Robert Downey, Jr. isn’t portraying Tony Stark. He IS Tony Stark. I’ve always felt that way, though. That character was just waiting for Downey to play it. He gets the best funny lines in the movie, too. And I am SO ready for Iron Man 3.
For the record, I initially hated Scarlett Johansson as Black Widow in Iron Man 2. And yet, she has won me over in The Avengers. Whedon has made her more Buffy-esque (especially with her stunts) and it’s definitely an improvement. There’s a scene between Black Widow and Loki that really gives you an idea of the layers that lie underneath her skin that goes beyond her skills as a kick-butt spy.
My one complaint with the team is Hawkeye, portrayed by Jeremy Renner. Now I like Renner a lot, but I honestly feel like he wasn’t given much to work with here. Those people who went into the movie unfamiliar with the character also left the movie not knowing anything about him. Sure, he hasn’t been given his own film (yet), but neither has Black Widow and we’re given a good background on her in The Avengers. Not so with Hawkeye. Renner was great and worked with what he was given, but I feel like that character should have been expanded upon more.
Finally, the leader of The Avengers, Nick Fury, is potrayed by Samuel L. Jackson. I hear people are complaining about him playing Fury. Well, GET OVER YOURSELVES. He was awesome, as Samuel L. Jackson can only be. Maybe he’s not what people had in mind when they read the comics (and again, I haven’t), but he fits those shoes in a m***** f******* way that no other m***** f***** can.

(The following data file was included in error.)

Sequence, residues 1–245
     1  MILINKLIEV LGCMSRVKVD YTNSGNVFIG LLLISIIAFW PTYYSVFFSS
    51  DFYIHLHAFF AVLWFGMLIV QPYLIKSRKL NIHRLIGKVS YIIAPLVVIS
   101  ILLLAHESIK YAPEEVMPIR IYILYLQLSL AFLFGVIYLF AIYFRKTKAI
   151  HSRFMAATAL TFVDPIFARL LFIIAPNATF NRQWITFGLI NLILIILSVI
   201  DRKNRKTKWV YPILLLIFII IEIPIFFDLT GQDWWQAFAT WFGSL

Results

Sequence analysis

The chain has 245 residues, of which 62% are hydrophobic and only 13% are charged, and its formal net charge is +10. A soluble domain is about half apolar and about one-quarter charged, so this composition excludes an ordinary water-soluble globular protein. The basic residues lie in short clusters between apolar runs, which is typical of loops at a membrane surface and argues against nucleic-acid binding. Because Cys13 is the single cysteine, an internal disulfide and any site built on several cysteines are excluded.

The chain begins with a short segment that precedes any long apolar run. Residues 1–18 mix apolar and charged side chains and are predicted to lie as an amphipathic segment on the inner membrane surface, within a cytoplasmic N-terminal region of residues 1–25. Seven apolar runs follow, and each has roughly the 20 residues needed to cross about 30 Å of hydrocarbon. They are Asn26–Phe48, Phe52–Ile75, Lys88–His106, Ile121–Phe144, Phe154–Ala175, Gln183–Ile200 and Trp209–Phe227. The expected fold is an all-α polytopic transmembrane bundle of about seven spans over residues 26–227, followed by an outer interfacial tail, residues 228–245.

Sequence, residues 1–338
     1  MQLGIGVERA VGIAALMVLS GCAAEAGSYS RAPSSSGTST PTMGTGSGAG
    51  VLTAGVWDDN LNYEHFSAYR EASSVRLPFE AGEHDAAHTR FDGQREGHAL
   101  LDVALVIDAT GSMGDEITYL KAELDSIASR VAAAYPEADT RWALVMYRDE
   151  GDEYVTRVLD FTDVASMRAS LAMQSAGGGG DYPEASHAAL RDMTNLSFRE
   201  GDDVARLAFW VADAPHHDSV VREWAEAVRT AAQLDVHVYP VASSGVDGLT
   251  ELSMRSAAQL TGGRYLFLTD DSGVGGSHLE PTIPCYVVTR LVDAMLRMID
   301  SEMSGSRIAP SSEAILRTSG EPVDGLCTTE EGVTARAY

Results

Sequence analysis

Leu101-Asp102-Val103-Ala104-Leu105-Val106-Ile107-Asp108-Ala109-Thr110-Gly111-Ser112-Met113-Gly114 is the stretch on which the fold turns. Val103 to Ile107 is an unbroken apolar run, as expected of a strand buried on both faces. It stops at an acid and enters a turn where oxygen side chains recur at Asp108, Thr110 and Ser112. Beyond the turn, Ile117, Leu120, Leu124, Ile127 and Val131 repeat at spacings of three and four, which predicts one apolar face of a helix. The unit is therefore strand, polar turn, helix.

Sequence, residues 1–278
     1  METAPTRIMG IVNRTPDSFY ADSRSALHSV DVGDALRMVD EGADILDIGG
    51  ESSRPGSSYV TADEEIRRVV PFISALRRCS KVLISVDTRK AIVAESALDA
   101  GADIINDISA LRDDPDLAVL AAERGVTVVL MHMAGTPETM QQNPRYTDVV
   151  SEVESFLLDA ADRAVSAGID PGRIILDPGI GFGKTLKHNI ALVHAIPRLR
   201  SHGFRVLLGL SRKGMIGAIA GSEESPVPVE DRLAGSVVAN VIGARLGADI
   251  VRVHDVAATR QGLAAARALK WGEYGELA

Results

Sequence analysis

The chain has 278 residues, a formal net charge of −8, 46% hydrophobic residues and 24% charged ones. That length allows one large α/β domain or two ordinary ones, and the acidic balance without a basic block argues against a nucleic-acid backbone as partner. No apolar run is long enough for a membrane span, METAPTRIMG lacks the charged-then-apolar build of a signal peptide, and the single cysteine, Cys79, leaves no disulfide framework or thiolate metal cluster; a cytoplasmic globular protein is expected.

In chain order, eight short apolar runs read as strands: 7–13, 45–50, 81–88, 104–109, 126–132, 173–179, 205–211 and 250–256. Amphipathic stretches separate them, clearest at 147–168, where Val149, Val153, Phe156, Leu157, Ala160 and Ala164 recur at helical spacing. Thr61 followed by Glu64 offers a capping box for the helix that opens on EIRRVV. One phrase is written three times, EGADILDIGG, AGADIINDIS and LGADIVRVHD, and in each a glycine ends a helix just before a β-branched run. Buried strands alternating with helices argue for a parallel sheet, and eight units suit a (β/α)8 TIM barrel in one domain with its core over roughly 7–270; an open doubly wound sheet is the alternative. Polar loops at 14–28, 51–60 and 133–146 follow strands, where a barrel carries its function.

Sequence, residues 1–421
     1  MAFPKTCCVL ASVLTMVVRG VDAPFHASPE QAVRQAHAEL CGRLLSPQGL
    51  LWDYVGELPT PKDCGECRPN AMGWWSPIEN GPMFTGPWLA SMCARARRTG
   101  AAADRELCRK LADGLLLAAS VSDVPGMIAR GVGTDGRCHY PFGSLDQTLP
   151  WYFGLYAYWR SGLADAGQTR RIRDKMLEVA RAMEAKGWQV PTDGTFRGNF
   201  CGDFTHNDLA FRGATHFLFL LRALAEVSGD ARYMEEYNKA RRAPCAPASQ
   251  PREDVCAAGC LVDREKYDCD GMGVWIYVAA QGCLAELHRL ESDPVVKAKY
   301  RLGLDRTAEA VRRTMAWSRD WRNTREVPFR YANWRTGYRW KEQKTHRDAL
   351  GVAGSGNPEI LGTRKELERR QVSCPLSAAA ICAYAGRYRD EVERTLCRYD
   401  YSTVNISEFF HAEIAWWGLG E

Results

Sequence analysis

The supporting cast is equally as great. Gwyneth Paltrow comes back as Pepper Potts, Stark’s love interest, and she is still great as the girlfriend that keeps him in line. Clark Gregg as Agent Coulson makes that character endearing, and his adoration and fan boy-ism for Captain America made me smile. Stellan Skarsgard returns as Professor Selvig, but we honestly don’t see much of him here. I think he’s more plot device than anything. And that’s a shame.
Then of course, there’s the villain. There has to be a villain, right? Tom Hiddleston as Loki chews scenery and spits it out, his lips curling into a maniacal sort of grin anytime things are going his way. He is both brilliant and crazy and makes the baddie very bad indeed. He was so good at being bad that there was applause in the theater when his character got its come-uppance.
The effects? Well, what do you expect me to say? Of course, they’re top-notch. This is a big budget movie, after all. And unfortunately, this means that The Hulk seemed all too real to me. So much so that when he was chasing down Black Widow. who was hiding from him in abject fear, I felt that fear. And literally closed my eyes because I could not watch. The Hulk is SCARY. Mostly because he’s not just a good guy – he can turn on anyone! And I’ll probably have nightmares about him tonight just like I did when I was a kid. Needless to say, the movie did him justice.
So what do we have? Great actors, a gripping story, nothing but action that you can’t NOT watch and a scary green monster that will give the kiddies nightmares? I’d say that all sums up to make one heck of a movie, wouldn’t you?
Oh, one final thing: don’t miss the last scene that follows the credits (not the scene in the middle of the credits, by the way – the VERY last scene). It’s probably the most epic final ending scene of a film ever. Trust me. It’s the most mind boggling thing you’ll ever see on the silver screen.